Ahh, computers. They drive us batty at times but we love them anyway. Many of us now carry a computer of sorts around in our hand or stuck in a pocket or attached to our belts. That phone that does it all from surfing the net to taking photos of ourselves. So many of them that a new word is in our vocabulary - selfies.
And sometimes that computer breaks or starts acting squirrely and we have absoluting no idea of why. A new update? Driver problems? Operator trouble? That's probably the one the tech helpers groan about the most and the reason one of the software companies is considering changing the command "Press Any Key" to "Press Return Key." They get a the flood of calls asking where that "Any" key is.
Dealing with people is probably the biggest problem you face, especially if you are in business. Yes, and that is also true if you are a housewife, architect or engineer. ~Dale Carnegie
Trouble is, it's not only the tech support guy dealing with people. The poor schmucks with the computer problems have to deal with the tech guy too. Of course, after listening to a half hour of how much some recorder values your business and a human being might be with you very soon and then getting music that no one in their right mind would ever intentionally listen to piped directly into your ear, you're ready to talk to any person, even somebody named Bhuzti. It doesn't even matter if it's obvious from Bhuzti's first hello that he's talked to one too many idiots already before you hit the jackpot and got connected with him. You feel lucky for about one minute and then the tech guy insults you by asking if you have the computer plugged in. While we might not know a control panel from a game of solitaire, most all of us do know how to plug something in. After we assure Bhuzti that we have the device plugged in, things generally go downhill from there.
I actually talked to Bhuzti a couple of weeks ago. I was trying to help my sister get her wireless router to work. She has tech phobia and so I stepped up to bat for her. Stayed on hold for at least those thirty minutes. Heard their plea over and over that if I'd just go on-line to their website all my problems would surely be solved quickly and easily. But I'd chased down that trail without success before and was stubborn. I was determined to hold for that human they said might someday help me.
I was about to give up when Bhuzti came on line and of course asked me that plug question followed up with the information that these routers were very easy to install and all you had to was plug them in. When I very politely told him I had done exactly what the instructions said and the router would not work, he suggested with some insistence that I should "stay calm and be optimistic." At that point he made me very nervous by wanting my phone number to call me back. In one minute he promised. I gave him the number and hung up, sure that would be the last I ever heard of Bhuzti. But he surprised me by called right back in that minute with of course, the instruction to "stay calm and be optimistic."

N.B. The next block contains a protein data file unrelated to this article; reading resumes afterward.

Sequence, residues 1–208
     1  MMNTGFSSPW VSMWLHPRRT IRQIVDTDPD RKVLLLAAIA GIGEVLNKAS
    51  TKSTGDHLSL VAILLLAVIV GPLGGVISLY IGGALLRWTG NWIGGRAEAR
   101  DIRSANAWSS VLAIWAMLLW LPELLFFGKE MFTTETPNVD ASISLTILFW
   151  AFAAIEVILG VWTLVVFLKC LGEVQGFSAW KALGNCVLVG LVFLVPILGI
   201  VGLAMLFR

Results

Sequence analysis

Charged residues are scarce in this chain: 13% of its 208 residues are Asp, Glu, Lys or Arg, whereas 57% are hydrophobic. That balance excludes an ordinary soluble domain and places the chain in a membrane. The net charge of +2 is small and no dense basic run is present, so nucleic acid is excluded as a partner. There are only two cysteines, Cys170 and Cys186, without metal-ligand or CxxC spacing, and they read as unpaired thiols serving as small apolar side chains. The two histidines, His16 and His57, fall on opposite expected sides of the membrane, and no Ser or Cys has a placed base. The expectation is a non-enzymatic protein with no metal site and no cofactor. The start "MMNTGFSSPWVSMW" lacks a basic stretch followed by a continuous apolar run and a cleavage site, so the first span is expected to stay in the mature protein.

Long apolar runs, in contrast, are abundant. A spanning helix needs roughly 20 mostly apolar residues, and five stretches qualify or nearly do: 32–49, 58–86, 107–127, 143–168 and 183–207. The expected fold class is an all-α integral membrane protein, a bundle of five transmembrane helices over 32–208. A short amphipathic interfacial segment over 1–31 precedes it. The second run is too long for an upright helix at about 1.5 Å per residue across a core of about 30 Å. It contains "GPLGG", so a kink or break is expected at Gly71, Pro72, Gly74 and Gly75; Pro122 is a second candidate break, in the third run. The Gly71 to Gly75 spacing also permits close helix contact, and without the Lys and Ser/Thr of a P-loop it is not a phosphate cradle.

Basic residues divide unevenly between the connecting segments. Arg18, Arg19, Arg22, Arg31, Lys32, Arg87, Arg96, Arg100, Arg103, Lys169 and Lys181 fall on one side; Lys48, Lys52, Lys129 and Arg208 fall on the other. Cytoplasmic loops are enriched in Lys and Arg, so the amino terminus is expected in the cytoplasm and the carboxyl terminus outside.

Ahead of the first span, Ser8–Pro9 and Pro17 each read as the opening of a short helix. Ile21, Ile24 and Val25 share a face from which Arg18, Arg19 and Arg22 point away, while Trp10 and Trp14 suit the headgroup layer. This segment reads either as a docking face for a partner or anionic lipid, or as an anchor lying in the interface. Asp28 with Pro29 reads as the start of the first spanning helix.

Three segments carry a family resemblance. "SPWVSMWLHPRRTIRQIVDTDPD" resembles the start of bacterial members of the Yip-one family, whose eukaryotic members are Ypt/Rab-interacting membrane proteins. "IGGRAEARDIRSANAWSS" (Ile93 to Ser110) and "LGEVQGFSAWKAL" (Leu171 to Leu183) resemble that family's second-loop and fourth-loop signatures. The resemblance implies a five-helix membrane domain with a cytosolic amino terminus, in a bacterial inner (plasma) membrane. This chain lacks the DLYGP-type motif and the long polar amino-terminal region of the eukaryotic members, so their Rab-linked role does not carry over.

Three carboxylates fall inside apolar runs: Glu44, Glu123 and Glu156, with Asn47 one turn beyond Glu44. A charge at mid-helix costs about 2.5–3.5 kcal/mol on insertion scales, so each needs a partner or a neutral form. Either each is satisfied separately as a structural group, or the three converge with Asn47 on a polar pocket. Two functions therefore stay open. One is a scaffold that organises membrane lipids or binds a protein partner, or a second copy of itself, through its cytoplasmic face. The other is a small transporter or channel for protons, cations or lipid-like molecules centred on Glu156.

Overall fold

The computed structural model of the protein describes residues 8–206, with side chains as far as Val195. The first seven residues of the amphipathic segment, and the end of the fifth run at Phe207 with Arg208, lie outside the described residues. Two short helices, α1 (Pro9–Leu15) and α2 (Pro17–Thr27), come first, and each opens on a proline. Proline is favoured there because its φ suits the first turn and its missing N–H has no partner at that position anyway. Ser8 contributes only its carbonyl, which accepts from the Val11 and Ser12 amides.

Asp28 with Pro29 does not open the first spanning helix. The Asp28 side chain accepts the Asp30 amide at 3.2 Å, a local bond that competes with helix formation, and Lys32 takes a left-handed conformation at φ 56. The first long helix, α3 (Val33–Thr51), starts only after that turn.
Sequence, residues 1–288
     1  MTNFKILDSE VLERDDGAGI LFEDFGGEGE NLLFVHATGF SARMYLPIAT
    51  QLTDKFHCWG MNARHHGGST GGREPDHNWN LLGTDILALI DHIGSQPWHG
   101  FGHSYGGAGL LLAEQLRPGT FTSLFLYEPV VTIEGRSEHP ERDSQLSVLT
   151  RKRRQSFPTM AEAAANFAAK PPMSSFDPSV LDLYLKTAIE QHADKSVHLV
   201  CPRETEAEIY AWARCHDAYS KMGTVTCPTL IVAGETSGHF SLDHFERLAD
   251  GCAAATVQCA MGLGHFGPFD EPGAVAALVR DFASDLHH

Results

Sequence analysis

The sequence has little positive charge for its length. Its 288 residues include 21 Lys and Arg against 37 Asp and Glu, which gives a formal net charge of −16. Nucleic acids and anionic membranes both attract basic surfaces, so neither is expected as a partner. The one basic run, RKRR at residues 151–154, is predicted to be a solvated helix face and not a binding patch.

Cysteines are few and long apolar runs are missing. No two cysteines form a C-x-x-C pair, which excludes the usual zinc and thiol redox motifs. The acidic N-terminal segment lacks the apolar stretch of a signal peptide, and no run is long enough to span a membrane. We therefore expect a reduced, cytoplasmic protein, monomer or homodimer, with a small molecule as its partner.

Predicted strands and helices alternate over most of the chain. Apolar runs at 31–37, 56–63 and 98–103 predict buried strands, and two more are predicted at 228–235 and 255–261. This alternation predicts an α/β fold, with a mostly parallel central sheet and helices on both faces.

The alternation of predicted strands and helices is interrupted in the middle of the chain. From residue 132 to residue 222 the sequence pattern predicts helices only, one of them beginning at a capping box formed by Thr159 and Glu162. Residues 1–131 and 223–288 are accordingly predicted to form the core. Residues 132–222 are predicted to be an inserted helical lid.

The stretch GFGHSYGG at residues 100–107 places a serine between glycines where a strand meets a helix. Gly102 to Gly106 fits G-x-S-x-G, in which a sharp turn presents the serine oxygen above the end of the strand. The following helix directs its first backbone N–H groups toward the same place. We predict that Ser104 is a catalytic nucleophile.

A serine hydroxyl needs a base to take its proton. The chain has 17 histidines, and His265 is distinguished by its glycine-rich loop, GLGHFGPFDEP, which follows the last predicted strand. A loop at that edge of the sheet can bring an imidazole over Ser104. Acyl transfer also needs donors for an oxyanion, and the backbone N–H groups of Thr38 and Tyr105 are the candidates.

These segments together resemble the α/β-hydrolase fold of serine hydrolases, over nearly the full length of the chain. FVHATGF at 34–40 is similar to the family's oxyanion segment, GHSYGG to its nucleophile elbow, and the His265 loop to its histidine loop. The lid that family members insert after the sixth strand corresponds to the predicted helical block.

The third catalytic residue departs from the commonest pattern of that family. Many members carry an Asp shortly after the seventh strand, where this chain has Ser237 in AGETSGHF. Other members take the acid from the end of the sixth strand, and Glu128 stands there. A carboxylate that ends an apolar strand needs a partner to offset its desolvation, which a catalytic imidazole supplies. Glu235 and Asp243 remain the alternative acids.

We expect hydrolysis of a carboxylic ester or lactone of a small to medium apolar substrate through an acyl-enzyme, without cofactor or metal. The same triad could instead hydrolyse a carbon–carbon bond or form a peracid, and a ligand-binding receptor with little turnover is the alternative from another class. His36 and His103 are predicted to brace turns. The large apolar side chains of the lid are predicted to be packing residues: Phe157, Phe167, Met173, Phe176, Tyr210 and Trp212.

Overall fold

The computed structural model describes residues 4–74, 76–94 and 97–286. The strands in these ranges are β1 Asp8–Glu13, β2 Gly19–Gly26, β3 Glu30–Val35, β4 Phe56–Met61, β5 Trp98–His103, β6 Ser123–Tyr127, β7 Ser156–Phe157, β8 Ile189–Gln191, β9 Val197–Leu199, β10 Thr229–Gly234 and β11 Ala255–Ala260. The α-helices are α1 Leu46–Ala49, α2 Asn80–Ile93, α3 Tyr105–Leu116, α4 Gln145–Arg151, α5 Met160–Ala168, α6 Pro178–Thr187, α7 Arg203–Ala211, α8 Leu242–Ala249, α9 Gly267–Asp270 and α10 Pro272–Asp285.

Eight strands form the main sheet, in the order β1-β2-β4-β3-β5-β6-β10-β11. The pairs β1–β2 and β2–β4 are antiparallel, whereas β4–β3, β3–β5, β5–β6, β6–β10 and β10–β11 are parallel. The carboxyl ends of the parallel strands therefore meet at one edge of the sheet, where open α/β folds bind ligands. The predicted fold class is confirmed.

By the time I unplugged and plugged in again and set and reset (after a frantic search for a paper clip that he said we'd need when a pen point would have worked just as well) and chasing all around the computer to this screen and that screen turning this and that off and on more than once, the router was still not working and I think Mr. Bhuzti was beginning to need to follow his own advice about being optimistic.
To make a long story short - oh, sorry, I guess it's too late for that. Anyway, after another round of ons and offs, our optimism was rewarded and the router finally was working. I felt like reaching through the phone line all the way to India to give Bhuzti a hug - calmly of course. We'd succeeded. My sister could surf to her heart's content without being wired to her modem. But success was shortlived. When I saw her the next day, the router was no longer connecting to the internet. She didn't want me to come and use up her phone minutes talking to Bhuzti or whichever lucky tech guy we got next. Instead she packed the thing up and took it back to the store. Calmly, but without any optimism at all. I'm sure it was the computer's fault.
To err is human - and to blame it on a computer is even more so. ~Robert Orben
Still, Bhuzti's advice wasn't so bad. Stay calm and be optimistic. I think that will be my by-words this year. With Mom. With my work in progress. With my computer.
How about you? Do you dread having to call the tech guys? Or how about the phone company? With them you have to choose this option or that option and the last time I tried to connect with them, one of the options just cut me off completely and I had to start over. I think they hope you'll get so discouraged you'll give up. But they don't know I've gotten Bhuzti's words to live by now. Stay calm and be optimistic!!